Custodious Interruptus


THIS is why he did this arc in the first place. It only exists so he could do that “custodian” gag! This explains everything, and it explains nothing. But I know how this guy thinks, and when he got this “custodian” idea, bells started ringing in his head and he started victory lapping around that studio of his. The whole thing was built around that one stupid joke. Sigh.

Great Moments in FW Arc Recap History

May 2-7, 2011
Les finally bangs Cayla.

May 8-21, 2011
Ann Apple calls Les to tell him that “Hollywood” wants to option Lisa’s Story. This sends Les into a panic as he imagines how “Hollywood” will desecrate his work. After a park bench consult with the ghost of his late wife, Les reluctantly agrees. Ann dismisses Les’ fears by telling him there’s virtually no chance the movie will ever get made.

May 22-29, 2011
Les and Cayla on the porch swing. Cayla interrupts Les’ “long thoughts” by uttering the words “I love you”. Les is unable to respond in kind, and after a long, awkward pause the two decide to “take a break”.

May 30-June 4, 2011
Cayla tells Linda that she and Les are through; Linda tells Bull, and Bull lets slip to Susan, who marches directly to Les’ classroom and blurts out the dreaded “I love you”. When Les (again) fails to respond in kind, Susan flees the scene.

June 5-12, 2011
Les confides in Funky and Crazy Harry about his love life. The friends react with disbelief that Les, whose inability to get a girl in high school is retold in a series of flashback vignettes, now has two women vying for his affection. Les takes umbrage at their teasing and storms out of Montoni’s. Funky shows up at Les’ porch to seek forgiveness.

June 13-July 2, 2011
Les calls Cayla to try to mend their relationship, but she is already on his sidewalk when he calls. She apologizes to Les (!). No sooner do the two exchange “I love you’s” than Keisha “crazies things up” by sending a pic of Susan kissing Les to her mom’s cell phone. Cayla buys Les’ explanation that it was not his fault. Back at Westview HS, the “kiss” photo has gone viral among the students. Principal Nate calls Les and Susan into his office, where Susan immediately takes the blame and voluntarily resigns. As she cleans out her belongings, Les halfheartedly attempts to talk Susan out of resigning, but she tells him she’s decided to make a “clean break from Westview”

Oh, if you weren’t around for this era of FW, consider yourself blessed, because the above represents TWO STRAIGHT MONTHS of solid Les. All Les, all the time, week after week after week. And there were four more weekly Les arcs in the two months that followed, with way more to come. The vitriol was pretty intense, I can tell you that. Les Moore, already the single most detestable character in the history of fiction at that point, forever cemented his legacy after this run. It was just unbearable. In my opinion, it may have marked Act III’s nadir, the point where it really bottomed out.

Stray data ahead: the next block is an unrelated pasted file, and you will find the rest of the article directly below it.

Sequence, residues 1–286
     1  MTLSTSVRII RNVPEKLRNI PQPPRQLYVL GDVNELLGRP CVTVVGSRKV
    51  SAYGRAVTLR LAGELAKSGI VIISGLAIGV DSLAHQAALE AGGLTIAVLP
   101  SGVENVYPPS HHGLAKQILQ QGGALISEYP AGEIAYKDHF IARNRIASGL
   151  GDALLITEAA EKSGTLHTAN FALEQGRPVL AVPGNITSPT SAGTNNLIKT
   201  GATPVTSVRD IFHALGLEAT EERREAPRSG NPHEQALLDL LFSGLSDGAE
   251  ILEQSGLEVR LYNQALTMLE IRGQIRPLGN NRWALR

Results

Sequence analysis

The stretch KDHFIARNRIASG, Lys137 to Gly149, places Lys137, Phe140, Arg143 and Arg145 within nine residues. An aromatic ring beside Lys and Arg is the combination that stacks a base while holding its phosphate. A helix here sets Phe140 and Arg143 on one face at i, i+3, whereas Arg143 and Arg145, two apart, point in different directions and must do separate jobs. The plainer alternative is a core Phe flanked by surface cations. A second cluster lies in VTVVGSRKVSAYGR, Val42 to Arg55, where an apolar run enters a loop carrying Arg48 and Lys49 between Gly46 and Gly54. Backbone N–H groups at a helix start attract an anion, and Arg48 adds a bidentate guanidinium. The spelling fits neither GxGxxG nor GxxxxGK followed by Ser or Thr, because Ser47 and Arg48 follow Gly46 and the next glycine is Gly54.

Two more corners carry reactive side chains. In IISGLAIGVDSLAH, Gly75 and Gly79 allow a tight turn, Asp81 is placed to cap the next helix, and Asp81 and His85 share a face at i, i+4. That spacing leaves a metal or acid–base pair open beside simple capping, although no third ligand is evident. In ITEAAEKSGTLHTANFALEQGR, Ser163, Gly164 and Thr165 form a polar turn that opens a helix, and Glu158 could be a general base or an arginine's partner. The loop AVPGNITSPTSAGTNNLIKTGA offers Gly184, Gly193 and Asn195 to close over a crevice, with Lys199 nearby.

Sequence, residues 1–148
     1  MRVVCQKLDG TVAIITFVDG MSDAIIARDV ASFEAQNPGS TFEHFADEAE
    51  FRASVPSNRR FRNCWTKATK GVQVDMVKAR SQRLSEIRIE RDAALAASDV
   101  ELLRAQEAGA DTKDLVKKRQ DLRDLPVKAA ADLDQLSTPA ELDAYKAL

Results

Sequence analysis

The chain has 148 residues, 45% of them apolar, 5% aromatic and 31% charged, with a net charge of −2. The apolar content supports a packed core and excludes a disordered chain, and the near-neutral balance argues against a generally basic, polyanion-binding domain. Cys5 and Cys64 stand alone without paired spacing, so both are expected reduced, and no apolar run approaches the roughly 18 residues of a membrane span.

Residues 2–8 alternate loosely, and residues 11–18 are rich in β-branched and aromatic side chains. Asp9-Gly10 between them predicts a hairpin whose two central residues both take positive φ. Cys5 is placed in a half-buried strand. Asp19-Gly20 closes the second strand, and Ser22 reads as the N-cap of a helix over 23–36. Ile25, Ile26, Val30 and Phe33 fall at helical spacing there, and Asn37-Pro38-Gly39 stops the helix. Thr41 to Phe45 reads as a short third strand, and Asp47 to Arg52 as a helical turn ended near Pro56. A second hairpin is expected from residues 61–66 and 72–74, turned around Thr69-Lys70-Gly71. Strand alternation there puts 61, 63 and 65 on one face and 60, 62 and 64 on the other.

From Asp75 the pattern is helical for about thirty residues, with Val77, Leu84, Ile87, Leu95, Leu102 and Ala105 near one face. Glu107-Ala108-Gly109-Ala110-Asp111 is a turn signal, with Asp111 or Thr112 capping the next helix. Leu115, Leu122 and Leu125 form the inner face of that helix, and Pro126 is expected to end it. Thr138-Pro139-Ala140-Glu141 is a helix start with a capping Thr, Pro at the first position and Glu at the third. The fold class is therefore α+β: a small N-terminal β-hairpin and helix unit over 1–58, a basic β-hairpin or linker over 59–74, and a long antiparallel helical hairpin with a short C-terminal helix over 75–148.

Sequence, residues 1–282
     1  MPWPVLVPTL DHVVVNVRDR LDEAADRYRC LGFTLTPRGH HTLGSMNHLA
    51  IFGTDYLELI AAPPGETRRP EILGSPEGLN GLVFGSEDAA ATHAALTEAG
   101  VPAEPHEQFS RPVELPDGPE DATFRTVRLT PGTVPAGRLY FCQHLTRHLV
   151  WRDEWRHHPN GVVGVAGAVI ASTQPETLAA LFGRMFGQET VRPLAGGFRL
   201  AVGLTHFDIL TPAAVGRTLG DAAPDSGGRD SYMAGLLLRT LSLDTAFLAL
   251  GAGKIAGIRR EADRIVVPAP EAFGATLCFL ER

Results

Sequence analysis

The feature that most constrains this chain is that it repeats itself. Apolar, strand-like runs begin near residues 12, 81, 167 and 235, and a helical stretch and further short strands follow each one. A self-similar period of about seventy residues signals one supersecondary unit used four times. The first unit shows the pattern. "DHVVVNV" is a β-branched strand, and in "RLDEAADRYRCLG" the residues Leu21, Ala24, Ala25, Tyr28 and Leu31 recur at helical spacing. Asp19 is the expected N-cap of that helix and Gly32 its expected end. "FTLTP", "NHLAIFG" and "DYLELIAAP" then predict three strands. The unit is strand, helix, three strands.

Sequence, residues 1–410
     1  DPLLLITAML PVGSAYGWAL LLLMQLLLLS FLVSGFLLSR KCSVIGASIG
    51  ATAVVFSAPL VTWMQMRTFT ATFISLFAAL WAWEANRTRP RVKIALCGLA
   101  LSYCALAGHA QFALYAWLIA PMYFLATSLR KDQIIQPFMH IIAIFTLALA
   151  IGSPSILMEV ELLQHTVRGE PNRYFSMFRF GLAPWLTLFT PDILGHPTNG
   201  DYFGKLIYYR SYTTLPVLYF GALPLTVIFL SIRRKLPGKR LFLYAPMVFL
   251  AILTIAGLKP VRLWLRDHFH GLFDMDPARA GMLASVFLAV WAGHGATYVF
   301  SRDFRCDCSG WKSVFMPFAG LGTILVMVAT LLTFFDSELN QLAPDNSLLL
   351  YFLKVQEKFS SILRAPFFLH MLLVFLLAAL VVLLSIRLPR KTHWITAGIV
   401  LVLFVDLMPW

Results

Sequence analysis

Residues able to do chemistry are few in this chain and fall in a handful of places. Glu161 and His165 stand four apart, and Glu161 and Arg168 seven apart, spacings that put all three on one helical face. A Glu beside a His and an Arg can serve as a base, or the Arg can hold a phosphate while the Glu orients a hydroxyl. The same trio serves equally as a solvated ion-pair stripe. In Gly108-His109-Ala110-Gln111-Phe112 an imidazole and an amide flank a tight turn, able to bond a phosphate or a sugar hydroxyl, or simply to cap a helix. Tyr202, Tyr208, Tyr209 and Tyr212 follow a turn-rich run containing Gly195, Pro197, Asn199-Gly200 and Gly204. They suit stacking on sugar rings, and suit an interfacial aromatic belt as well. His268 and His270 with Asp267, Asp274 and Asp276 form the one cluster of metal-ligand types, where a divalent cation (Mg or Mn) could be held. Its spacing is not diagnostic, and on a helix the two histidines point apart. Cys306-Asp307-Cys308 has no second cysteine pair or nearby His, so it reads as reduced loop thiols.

And, interestingly enough, the arc immediately before Les took over for TWO MONTHS was Boy Lisa’s less-than-triumphant return to Westview, after “this economy” forced him to flee his Big City MBA lifestyle and move in to his bio-step dad’s spare bedroom. The idea of moving back in with his actual parents, who were both still alive and well and living in Westview, was never mentioned. Of course, Les got Boy Lisa a job at Montoni’s, where he designed pizza apps and created the “breakfast pizza” craze that swept Westview for several panels. And Jessica, who was now his wife, was there too, kind of. Way more stuff used to happen back then, but at the time it seemed like nothing was happening, like how it is now. Maybe it was all just an illusion or something.



Filed under Son of Stuck Funky

94 responses to “Custodious Interruptus

  1. William Thompson

    Of course by injecting himself into the past Hardy Hog has changed it (what happened to the twentieth-century guy who would have been the janitor? His life and timeline has been changed, and if you’ve read Asimov’s short story Spell My Name With an S or Bradbury’s The Sound of Thunder then you know how easily small changes can have huge results.)

    So, *yawn*, I guess the Custodians have enemies who want to change the past. Because something important is going to happen in Westview? What could that be but . . . okay, if Hardly There is supposed to make sure Les Moore dies on schedule, I’m all for it.

    • Banana Jr. 6000

      Isn’t it obvious? Lisa is now an “important nexus event in the timeline.” I guess being the most famous cancer sufferer in the world is no longer a big enough stage for someone with her level of… Lisa-ness.

      • OK but think how wonderful it would be if he were just there to make sure Crankshaft kept running over Keesterman’s mailbox because somehow that act holds all of time and space together? Like that time in the strip when Crankshaft did stop running over it and not needing to replace the mailbox all the time caused the economy to collapse?

        To those who argue wait, Crankshaft drives the bus in a completely different school district I say “beady-eyed nitpicking”.

      • Mela

        Part of me still thinks he’s going toward “Lisa had to die to save Summer/Westview/the universe” and another part of me thinks we’re headed toward “Lisa is supposed to be alive, but I lost my helmet and couldn’t stop whatever evil thing was trying to kill her” which will result in him resetting the “correct” timeline with her alive and well on December 31st. The rest of me has no idea…

  2. Please explain this “custodian” gag. I’m sure it’s really, really funny.

    Thanks in advance.

    • Epicus Doomus

      He saw the word “custodian” used in a comic book, sci-fi context. And that’s it. The idea was conceived right then and there, fully formed. The custodian would be a custodian, you see? A time custodian, tidying up the FW timeline. I know how he thinks, to him this was the funniest thing ever, and he probably didn’t talk about anything else for months.